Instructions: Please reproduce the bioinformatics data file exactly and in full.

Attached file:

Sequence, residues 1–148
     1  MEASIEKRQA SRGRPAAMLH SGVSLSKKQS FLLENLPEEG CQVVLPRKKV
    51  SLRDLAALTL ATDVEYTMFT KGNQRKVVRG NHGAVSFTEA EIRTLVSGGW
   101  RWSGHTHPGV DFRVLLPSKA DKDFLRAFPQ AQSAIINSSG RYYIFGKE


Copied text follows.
Sequence, residues 1–148
     1  MEASIEKRQA SRGRPAAMLH SGVSLSKKQS FLLENLPEEG CQVVLPRKKV
    51  SLRDLAALTL ATDVEYTMFT KGNQRKVVRG NHGAVSFTEA EIRTLVSGGW
   101  RWSGHTHPGV DFRVLLPSKA DKDFLRAFPQ AQSAIINSSG RYYIFGKE